VEON, the emerging-markets operator that counts Russia as its biggest market, confirmed that former chief technology officer (CTO) Yogesh Malik left as part of the group approach to delegate decisions about new digital and technology strategies to its individual operating companies (opcos).
While VEON did not officially announce his departure, Malik's LinkedIn profile indicates that he finished in June this year, after a six-year stint as the operator's technology boss.
Rather than replacing him at group level, the CTO function was pushed out to the opco level to "empower" individual markets on technology matters, including procurement and vendor selection.
Sergi Herrero, co-CEO of VEON, said Malik played a key role in putting this transition in place. Now, CTOs have been appointed at the nine opcos that will remain after the planned sale of VEON's Armenian business.
VEON had already recognized that its "one-size-fits-all" approach to the regional opcos was not the best way to go in terms of determining local digital strategies. It now allows the country operations to set their own agenda based on their better understanding of the local market.
"It's been a very positive experience," said Herrero, who stressed that the CTOs collaborate closely with each other and share views and experiences.
Of course, Herrero and co-CEO Kaan Terzioğlu will be keeping a close eye on developments at local level, and some strategies will still filter down from central management.
The remit of Herrero, who joined VEON from Facebook, is to focus on services beyond traditional connectivity offerings.
For example, central investment function VEON Ventures forms an important part of the overall group strategy. The aim of the fund is to identify, nurture and grow services and businesses with a focus on financial services, digital content and adtech.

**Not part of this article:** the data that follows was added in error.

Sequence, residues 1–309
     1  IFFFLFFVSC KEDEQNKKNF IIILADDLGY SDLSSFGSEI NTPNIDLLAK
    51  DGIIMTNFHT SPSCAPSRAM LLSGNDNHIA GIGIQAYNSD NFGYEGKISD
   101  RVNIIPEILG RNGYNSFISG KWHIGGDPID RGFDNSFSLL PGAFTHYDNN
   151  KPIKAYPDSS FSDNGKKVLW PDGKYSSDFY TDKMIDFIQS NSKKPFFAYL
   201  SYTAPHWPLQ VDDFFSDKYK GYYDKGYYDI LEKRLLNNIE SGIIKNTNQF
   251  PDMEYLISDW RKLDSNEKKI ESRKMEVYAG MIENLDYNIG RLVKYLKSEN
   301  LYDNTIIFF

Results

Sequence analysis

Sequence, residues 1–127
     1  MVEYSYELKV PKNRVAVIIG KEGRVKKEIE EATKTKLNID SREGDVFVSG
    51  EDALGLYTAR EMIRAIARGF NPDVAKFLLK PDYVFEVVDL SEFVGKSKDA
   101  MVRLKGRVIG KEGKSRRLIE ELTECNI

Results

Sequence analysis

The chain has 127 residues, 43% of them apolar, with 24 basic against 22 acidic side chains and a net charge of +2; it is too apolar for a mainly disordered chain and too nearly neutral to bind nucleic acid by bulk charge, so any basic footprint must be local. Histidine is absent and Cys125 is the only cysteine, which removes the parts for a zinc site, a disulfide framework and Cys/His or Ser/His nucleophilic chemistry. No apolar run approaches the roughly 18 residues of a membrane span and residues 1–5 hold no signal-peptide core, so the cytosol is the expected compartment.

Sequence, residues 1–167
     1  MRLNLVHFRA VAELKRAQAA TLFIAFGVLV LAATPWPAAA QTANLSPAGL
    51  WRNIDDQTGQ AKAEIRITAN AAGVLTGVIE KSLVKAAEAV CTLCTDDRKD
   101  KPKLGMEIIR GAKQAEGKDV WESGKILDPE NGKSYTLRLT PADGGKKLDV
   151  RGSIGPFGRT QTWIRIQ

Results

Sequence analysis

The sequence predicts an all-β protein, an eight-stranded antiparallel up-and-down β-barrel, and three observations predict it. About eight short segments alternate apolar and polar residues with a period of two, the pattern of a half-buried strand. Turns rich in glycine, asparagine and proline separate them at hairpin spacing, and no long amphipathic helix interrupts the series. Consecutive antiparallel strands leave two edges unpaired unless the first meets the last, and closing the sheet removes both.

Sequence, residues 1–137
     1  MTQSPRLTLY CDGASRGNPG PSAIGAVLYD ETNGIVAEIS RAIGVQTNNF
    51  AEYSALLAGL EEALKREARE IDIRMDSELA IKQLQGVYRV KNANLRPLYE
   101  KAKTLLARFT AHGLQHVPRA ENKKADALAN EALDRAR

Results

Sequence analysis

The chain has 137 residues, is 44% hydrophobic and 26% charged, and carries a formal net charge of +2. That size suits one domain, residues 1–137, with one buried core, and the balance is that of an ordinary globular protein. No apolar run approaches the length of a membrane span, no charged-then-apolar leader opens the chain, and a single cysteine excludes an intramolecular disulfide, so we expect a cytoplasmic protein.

This strategy recently saw VEON investing in ShopUp, a business-to-business e-commerce platform in Bangladesh. It is also building up an adtech business in Russia, and operates the JazzCash digital payments platform in Pakistan.
In terms of wider group strategies, Herrero indicated that other opcos similar in size to the Armenian business could be sold off in future, although he stressed that no decisions are imminent.
The group regularly assesses its portfolio, and intends to focus on core markets that can "move the needle" for VEON's share price, for example.
VEON is also still focusing on 4G for now, and noted that 5G is not likely to be rolled out in its markets for the next two to three years.
"Our strategy is to have a very strong 4G network, and ensure diversity with vendors," Herreo said.
Of course, it's difficult to have any business discussion without mentioning the COVID-19 pandemic. VEON has certainly suffered from the effects of the related lockdowns this year, although it showed some signs of recovery in the recent third quarter.
Herrero reckons that the group is now well positioned to handle the second wave of the health crisis, particularly as it has now improved digital top-up services that allow subscribers to add credit via self-care apps.
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— Anne Morris, contributing editor, special to Light Reading